Jonah 1:5 reads: But Jonah had gone down into the inner part of the ship and had lain down and was fast asleep. Page and Smith argue thus:
Jesus argues that as Jonah was three days and three nights in the belly of the great fish, so will the Son of Man be three days and three nights in the heart of the earth.2 This resurrection analogy is conspicuous in the text; however the Adamic analogy is rarely, if ever mentioned. There is a superb contrast being played in the text. Adam’s deep sleep brought about life in Eve (though in one sense, Eve brought death to us all via Adam’s headship). It was through Adam, that Eve came into existence. However, in Jonah’s deep sleep, there was no new life; no repentance. Rather, he awoke to the consequences of his disobedience. His judgment and curse led him to Sheol; the belly of the great fish. One awakens to life and another to death; a continual cycle of the Deuteronomic blessings and curses, life and death.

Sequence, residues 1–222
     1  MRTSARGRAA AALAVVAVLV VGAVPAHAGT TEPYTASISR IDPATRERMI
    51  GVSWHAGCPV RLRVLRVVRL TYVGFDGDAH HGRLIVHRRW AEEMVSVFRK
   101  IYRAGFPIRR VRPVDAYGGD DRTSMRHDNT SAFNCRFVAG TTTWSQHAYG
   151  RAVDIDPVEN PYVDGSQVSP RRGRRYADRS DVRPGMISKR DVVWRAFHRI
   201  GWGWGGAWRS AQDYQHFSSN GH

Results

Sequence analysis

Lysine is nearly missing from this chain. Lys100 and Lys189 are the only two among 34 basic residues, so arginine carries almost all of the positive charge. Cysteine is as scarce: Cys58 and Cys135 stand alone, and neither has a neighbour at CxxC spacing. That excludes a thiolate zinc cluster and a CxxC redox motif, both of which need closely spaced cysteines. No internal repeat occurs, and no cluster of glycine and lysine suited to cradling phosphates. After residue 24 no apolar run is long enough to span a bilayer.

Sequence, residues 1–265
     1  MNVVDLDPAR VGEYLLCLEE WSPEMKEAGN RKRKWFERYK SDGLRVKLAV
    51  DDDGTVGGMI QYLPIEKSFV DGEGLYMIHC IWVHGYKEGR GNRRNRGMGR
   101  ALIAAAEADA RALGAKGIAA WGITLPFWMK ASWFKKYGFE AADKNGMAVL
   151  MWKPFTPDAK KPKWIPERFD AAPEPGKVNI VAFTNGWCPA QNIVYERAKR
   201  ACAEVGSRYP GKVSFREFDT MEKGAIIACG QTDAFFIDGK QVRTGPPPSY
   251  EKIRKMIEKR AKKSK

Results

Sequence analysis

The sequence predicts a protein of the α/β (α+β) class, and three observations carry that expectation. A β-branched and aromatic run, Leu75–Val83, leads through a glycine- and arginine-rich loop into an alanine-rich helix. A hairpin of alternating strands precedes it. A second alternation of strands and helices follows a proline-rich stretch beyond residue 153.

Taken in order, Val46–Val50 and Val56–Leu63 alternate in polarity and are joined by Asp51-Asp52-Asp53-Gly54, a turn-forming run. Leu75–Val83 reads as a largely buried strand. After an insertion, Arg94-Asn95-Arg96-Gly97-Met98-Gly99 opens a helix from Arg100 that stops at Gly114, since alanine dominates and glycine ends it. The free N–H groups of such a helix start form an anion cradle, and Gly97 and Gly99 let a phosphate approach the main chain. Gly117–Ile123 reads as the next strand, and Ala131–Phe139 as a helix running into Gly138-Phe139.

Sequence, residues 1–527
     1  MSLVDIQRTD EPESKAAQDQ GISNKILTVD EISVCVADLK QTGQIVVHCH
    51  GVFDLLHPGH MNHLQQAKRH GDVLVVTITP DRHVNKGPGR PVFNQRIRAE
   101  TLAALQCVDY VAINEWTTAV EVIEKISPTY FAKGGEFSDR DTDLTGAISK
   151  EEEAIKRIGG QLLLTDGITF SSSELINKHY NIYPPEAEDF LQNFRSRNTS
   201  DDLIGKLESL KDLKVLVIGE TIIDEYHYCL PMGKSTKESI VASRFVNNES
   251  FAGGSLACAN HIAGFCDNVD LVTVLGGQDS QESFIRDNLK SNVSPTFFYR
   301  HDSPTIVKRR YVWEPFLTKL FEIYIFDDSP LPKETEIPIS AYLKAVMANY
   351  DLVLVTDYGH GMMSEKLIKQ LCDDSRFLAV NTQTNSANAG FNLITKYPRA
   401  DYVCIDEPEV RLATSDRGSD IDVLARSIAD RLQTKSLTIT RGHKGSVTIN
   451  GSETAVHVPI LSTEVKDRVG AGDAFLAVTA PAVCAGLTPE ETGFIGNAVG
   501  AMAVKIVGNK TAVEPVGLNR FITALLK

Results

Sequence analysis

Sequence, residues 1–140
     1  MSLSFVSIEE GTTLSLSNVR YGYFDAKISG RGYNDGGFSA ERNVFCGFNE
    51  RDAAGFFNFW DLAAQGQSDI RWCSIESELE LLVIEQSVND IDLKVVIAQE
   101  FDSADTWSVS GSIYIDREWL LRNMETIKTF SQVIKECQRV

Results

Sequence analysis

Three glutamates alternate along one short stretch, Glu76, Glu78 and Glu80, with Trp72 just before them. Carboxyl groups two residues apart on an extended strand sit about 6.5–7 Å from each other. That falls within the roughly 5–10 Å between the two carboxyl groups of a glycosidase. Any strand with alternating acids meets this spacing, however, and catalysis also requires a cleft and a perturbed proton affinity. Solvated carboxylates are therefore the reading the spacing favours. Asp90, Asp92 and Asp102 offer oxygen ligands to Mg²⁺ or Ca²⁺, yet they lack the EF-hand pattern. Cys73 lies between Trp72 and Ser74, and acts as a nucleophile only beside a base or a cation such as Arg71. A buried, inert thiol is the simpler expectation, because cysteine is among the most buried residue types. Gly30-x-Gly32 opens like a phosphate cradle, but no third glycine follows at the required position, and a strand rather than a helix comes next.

- Smith, K. Billy, Page, S. Frank. The New American Commentary. Amos, Obadiah, Jonah. Volume 19B. Broadman and Holman Publishers, 1995. Pg. 232. [↩ back]
- Matthew 12:40 [↩ back]